Analysis by Keith Rankin.
This week’s chart is drawn from the same set of data as last weeks. However, instead of simply comparing the sector-GDP data from one quarter and comparing it with the same quarter of the previous year, I have taken eight quarters of data and compared their averages with the averages for the previous eight quarters.
The former approach better showed the very latest dip, while showing perhaps too many blips. The latter approach smooths the blips and shows more clearly the decade by decade similarities and differences.
This week’s chart shows important similarities between the twenty-teens and the twenty-naughts, while showing that actual growth of financial and real estate activity is much less this time around.
I think that the next major crisis will be more an economic crisis than a financial crisis, as the issues around inequality, debt-phobia and globally footloose (but increasingly restricted) labour get closer to breaking point. Financial crisis still remains very much on the cards, nevertheless. In 2007-09 New Zealand had a financial crumple-zone in the form of finance companies that flew then failed. There were substantial repercussions for unwary New Zealand savers. These finance company failures protected our banks. The banks have no such protection this decade.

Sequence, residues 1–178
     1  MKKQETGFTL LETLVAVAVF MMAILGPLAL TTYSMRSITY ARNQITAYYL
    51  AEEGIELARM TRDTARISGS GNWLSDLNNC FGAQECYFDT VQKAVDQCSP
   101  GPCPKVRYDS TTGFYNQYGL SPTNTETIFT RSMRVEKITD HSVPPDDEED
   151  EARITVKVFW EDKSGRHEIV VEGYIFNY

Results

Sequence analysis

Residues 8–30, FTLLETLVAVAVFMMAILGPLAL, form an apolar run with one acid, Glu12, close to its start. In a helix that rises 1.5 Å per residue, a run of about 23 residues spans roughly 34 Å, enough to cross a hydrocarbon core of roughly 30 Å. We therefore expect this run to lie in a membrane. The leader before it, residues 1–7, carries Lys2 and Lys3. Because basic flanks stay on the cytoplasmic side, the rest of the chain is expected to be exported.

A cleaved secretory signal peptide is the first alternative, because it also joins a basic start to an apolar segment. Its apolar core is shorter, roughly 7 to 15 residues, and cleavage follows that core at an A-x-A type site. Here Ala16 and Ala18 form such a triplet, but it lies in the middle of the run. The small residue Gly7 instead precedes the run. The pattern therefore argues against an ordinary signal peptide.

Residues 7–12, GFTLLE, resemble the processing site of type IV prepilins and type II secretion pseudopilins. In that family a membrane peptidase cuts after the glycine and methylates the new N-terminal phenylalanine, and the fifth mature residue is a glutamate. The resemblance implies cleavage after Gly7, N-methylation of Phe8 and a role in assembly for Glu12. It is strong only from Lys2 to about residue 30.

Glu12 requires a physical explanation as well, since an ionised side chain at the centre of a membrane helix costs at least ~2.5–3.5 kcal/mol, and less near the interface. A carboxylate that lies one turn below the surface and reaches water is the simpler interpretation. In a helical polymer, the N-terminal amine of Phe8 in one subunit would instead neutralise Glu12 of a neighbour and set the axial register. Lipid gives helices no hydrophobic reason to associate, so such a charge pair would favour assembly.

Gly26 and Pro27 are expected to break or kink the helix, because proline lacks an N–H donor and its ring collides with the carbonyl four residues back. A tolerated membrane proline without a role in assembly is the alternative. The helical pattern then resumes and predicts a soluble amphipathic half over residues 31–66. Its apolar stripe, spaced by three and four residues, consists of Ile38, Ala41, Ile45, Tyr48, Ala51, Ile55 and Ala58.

While activity in the real estate sector recovered strongly immediately after the financial crisis (essentially sales and marketing; linked more to volume than price), the 2013 growth-high in this sector barely exceeds the low of the late 1990s. Domestic financial growth in these years (early 2010s) remained weak; bread‑and‑butter mortgages and debt‑repayment rather than lots of new loans. Imported finance was almost certainly playing a greater role then than now in boosting real estate activity.
Growth of incomes generated in Finance and Insurance tends to follow (rather than promote) growth elsewhere in the economy (although 1992‑93 and 1998‑99 appear to have been exceptions), reflecting the fact that this sector principally services the interests of those with savings to ‘invest’ and with assets to put‑to‑work generating financial returns.
Today we see that the financial sector (increasingly, the banks) are once again in the ascendant, having already grown faster than the economy for almost every year since 2004. It’s likely that bank activity (essentially recycling and recreating money) will continue to facilitate general growth within New Zealand at around three percent for another year or two, followed by another end-of-decade debt crisis. 2017 will be the year to watch.